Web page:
A logfile can be found here : /var/log/nvidia-installer.log

The nvidia-installer will also write a file nvidia-installer-disable-nouveau.conf ( /etc/modprobe.d/nvidia-installer-disable-nouveau.conf ) containing these lines :
# generated by nvidia-installer
blacklist nouveau
options nouveau modeset=0


Start the X server again :
/etc/init.d/gdm3 start
Login and check that the nvidia driver is running :
glxinfo | grep rendering
direct rendering: Yes

You can access nvidia-settings in the menu : System > Preferences > NVIDIA X Server Settings that allows adjustment of several additional settings.


For the settings to be loaded on login add :
nvidia-settings --load-config-only
to Startup Applications : System > Preferences > Startup Applications
If this doesn't work make sure you have unchecked Include X Display Names in the Config File in NVIDIA X Server Settings at nvidia-settings Configuration.

Notes :

(1) At the installation you can get a warning like :
No precompiled kernel interface was found to match your kernel; would you like the installer to attempt to download a kernel interface for your kernel from the NVIDIA ftp site (ftp://download.nvidia.com)?
Just answer No and continue.....
or
the installer complains that the gcc version is different from what was used to compile the kernel...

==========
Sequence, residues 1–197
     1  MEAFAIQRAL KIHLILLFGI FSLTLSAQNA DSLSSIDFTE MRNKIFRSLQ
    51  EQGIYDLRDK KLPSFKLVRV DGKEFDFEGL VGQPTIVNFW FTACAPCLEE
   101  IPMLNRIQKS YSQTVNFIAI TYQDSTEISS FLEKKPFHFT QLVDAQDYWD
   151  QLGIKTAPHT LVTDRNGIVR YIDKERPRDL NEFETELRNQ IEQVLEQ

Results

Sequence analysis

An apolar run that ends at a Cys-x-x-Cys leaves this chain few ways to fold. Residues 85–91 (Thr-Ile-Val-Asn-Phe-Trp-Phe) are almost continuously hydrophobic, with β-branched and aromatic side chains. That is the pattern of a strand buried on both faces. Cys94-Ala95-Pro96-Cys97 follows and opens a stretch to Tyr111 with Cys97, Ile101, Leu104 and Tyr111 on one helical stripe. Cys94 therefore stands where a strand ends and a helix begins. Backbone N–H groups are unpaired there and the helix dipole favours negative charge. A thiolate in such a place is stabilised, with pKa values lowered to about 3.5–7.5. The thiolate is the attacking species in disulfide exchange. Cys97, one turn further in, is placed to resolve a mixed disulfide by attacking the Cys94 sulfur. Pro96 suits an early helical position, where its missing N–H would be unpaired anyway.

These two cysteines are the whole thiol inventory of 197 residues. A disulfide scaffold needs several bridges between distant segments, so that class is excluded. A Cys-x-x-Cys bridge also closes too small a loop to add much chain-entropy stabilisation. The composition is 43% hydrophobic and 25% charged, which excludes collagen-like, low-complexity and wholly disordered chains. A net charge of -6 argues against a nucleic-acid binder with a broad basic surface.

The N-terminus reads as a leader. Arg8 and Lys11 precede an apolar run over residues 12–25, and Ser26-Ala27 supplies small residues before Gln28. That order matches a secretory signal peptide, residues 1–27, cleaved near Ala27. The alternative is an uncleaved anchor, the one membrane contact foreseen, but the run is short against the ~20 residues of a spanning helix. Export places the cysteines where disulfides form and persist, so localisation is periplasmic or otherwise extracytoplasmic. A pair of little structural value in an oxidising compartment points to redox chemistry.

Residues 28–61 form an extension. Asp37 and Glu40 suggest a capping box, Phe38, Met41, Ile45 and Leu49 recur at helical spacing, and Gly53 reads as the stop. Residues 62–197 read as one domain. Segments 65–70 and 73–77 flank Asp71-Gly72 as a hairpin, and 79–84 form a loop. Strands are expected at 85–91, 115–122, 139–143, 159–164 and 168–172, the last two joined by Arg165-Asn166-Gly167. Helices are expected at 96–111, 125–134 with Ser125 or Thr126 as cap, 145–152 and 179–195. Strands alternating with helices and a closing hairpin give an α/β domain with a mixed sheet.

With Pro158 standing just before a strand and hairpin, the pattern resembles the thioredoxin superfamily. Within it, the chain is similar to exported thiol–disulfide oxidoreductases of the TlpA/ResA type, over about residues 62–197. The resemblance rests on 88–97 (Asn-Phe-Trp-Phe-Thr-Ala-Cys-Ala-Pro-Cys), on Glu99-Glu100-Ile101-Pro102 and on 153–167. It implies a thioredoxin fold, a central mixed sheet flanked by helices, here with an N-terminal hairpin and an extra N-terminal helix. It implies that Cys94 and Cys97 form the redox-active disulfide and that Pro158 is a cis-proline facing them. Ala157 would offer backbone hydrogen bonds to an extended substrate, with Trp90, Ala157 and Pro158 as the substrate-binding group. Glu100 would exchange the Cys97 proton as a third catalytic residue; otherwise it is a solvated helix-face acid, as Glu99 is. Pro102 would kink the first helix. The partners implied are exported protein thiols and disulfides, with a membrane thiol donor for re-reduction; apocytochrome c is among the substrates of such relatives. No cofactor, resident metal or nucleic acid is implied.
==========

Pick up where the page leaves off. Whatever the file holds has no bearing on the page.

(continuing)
If you know what you are doing and want to ignore the gcc version check, select "No" to continue installation. Otherwise, select "Yes" to abort installation, set the CC environment variable to the name of the compiler used to compile your kernel, and restart installation.
Answer No, but if it fails you can temporarily set the gcc version (to 4.3 for example) by:

export CC=gcc-4.3
before running the Nvidia installer file.

(2) Any kernel update or xserver-xorg-core update will force you to reinstall the driver.
Just use one of the advanced options of the nvidia-installer ( /usr/bin/nvidia-installer ) :
Ctrl+Alt+F1
login as root, just enter : root and enter root's password.
/etc/init.d/gdm3 stop
nvidia-installer --update

If there is a more recent driver available, it will be automatically downloaded and installed.
See also : http://forums.debian.net/viewtopic.php?f=16&t=56833
To see the advanced options of the nvidia-installer just run in a terminal :
nvidia-installer -A

You can always check the current install status to see if it needs to be re-installed:
as root run :
nvidia-installer --sanity

Press OK :

To install the driver for another kernel without uninstalling the driver for the current kernel just boot into the other kernel and install the driver with :
nvidia-installer -K ( K = --kernel-module-only ) :
Install a kernel module only, and do not uninstall the existing driver. This is intended to be used to install kernel modules for additional kernels (in cases where you might boot between several different kernels). To use this option, you must already have a driver installed, and the version of the installed driver must match the version of this kernel module.

5 comments:

  1. thank you for nvidia driver install guide.

    ReplyDelete
  2. Thanks a lot!! This is the first Nvidia driver install guide for Debian that helps me to complete the installation without errors and Xorg failures.

    ReplyDelete
  3. beautiful guide, thank you

    ReplyDelete
  4. Thank you for sharing :)

    ReplyDelete
  5. Thanks for your how-to. I managed to get nvidia 295.53 running with kernel 3.2.0-2-amd64 (Debian unstable).

    ReplyDelete